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To Kill a Mockingbird

by Harper Lee

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How does Lee use details in To Kill a Mockingbird to present Miss Maudie's view of Maycomb?

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Like Atticus, Miss Maudie is honest and she points out hypocrisy when she sees it. In Chapter 5, Scout remarks that Miss Maudie didn't go around doing good as Stephanie Crawford did, but Scout had more faith in Miss Maudie because she didn't need to profess or show off her goodness. Scout recognizes that Miss Maudie simply is good and she shows that in how she lives. 

In Chapter 24, the self-righteous Mrs. Merriweather reveals her racist attitudes. She criticizes the idea of whites helping blacks (alluding also to Atticus defending Tom) in saying that "all they did was stir 'em up." In other words, whenever people (white or black) fight for equality and justice, this (according to Mrs. Merriweather) is dangerous because African-Americans might start to think they are equal citizens or they might sulk if equality is denied them. Mrs. Merriweather then complains that her cook, Sophy, was also getting stirred up and she almost fired her. Miss Maudie, not missing a chance to subtly point out Mrs. Merriweather's racism and hypocrisy responds that Mrs. Merriweather still eats the food Sophy makes. This is subtle but Miss Maudie's remark is meant to tell Mrs. Merriweather that while she claims to keep Sophy so that Sophy has some money coming in, Mrs. Merriweather keeps Sophy so she can have a servant to cook for her. Mrs. Merriweather claims to not understand what Miss Maudie means and then goes on to complain about Mrs. Roosevelt sitting with African-Americans.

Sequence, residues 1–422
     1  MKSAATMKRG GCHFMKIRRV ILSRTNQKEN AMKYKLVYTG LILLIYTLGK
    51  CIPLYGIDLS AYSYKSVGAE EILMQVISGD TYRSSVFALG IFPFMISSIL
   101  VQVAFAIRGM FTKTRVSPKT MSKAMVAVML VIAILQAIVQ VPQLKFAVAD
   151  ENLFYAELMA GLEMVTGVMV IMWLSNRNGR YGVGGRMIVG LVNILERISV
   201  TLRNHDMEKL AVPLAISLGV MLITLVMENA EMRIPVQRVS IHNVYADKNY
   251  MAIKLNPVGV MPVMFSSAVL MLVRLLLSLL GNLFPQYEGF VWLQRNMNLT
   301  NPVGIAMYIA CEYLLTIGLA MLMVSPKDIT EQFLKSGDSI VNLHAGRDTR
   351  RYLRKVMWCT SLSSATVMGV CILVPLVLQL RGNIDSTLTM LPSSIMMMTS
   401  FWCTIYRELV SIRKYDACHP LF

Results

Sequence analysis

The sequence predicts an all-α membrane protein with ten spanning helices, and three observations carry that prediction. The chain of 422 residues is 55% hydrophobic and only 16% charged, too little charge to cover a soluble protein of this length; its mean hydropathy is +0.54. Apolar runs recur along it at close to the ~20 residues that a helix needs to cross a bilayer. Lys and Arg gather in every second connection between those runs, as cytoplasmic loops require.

At the end of Chapter 24, Miss Maudie explains her views of Maycomb, in reference to Tom's trial. She notes that there are some people in Maycomb, only a handful, who believe in justice for all. These are the people who supported Atticus in defending Tom: 

"The handful of people in this town who say that fair play is not marked White Only; the handful of people who say a fair trial is for everybody, not just us; the handful of people with enough humility to think, when they look at a Negro, there but for the Lord’s kindness am l.” Miss Maudie’s old crispness was returning: “The handful of people in this town with background, that’s who they are.” 

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